Calfrac crew working in southern Alberta. Fewer wells drilled means less field activity, despite the growing length of wells.

— DAILY OIL BULLETIN OIL & GAS INQUIRER • MARCH 2013

13

In The News

Growth in U.S. energy production outstrips consumption growth

7.5

million barrels per day

EIA U.S. oil production estimate for 2019

The United States is using less energy and producing more energy, and the trend is expected to continue in the future, according to The Annual Energy Outlook 2013 reference case released in January by the U.S. Energy Information Administration (EIA). The outlook presents updated projections for U.S. energy markets through 2040. These projections include only the effects of policies that have been implemented in law or final regulations. “EIA’s updated reference case shows how evolving consumer preferences, improved technology and economic changes are pushing the nation toward more domestic energy production, greater vehicle efficiency, greater use of clean energy and reduced energy imports,” said EIA administrator Adam Sieminski. In the outlook, crude oil production, particularly from tight oil plays, rises sharply over the next decade. The advent and continuing improvement of advanced crude oil production technologies continues to increase projected domestic supply. Domestic production of crude oil increases sharply in the 2013 outlook, with an annual growth averaging 234,000 barrels per day 14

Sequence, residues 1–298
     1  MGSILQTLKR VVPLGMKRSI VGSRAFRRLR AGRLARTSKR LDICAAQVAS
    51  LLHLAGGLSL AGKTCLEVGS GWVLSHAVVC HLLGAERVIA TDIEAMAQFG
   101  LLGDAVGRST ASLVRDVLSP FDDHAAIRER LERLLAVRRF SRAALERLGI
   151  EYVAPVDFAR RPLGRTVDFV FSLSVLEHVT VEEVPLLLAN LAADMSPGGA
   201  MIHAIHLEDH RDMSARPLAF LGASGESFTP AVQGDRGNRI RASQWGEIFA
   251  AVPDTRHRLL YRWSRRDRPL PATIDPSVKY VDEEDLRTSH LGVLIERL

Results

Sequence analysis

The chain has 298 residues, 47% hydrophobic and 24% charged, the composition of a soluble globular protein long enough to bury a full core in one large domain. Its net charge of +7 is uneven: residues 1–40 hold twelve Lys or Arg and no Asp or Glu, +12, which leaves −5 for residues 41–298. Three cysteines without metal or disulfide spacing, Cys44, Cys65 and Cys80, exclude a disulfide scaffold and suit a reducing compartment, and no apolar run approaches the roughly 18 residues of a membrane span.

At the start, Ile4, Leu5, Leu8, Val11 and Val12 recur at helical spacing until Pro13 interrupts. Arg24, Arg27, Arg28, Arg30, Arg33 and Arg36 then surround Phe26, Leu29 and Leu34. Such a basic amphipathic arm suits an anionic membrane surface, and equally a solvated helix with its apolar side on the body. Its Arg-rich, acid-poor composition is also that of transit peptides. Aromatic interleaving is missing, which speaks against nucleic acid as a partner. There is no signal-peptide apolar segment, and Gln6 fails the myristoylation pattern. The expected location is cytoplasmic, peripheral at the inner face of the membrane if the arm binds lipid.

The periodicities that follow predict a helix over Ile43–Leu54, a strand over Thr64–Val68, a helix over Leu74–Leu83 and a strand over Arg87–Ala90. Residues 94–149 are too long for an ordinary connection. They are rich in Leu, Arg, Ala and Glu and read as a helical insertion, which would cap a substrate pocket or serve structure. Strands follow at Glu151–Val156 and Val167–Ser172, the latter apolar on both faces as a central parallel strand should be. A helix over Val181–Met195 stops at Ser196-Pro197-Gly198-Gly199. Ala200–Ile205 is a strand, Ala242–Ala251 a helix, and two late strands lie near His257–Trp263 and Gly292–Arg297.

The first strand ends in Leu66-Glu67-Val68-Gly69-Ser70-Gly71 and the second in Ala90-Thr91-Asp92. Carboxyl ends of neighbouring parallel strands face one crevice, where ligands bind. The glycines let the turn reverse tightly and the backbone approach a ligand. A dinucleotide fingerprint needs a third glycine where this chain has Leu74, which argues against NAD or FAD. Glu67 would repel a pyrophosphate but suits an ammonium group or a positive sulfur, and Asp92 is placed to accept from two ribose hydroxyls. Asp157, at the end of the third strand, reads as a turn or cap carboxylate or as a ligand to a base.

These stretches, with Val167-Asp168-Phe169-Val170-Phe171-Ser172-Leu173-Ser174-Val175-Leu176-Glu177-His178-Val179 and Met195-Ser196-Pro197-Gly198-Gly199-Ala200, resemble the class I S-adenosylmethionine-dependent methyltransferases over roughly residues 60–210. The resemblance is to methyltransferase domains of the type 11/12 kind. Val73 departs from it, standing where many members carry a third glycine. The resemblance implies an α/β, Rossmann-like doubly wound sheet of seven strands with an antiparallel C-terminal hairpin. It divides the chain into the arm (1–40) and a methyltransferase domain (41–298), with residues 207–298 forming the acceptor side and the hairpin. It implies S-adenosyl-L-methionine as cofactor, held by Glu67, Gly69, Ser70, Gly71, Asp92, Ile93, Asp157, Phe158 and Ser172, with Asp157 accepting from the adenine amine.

MARCH 2013 • OIL & GAS INQUIRER

from 2011 through 2019, when production reaches 7.5 million barrels per day. The growth results largely from a significant increase in onshore crude oil production, particularly from shale and other tight formations. After about 2020, production begins declining gradually to 6.1 million barrels per day in 2040 as producers develop sweet spots first and then move to less productive or less profitable drilling areas. Gasoline consumption has declined from last year’s report, reflecting the introduction of more stringent corporate average fuel economy (CAFE) standards. Growth in diesel fuel consumption is moderated by increased use of natural gas in heavy-duty vehicles. The 2013 outlook incorporates the greenhouse gas and CAFE standards for light-duty vehicles through the 2025 model year, which raise the new-vehicle fueleconomy requirement from 32.6 miles per gallon (mpg) in 2011 to 47.3 mpg in 2025. The increase in vehicle efficiency reduces gasoline use in the transportation sector by 0.5 million barrels per day in 2025 and by one million barrels per day in 2035. Furthermore, the improved economics of natural gas results in an increase in the use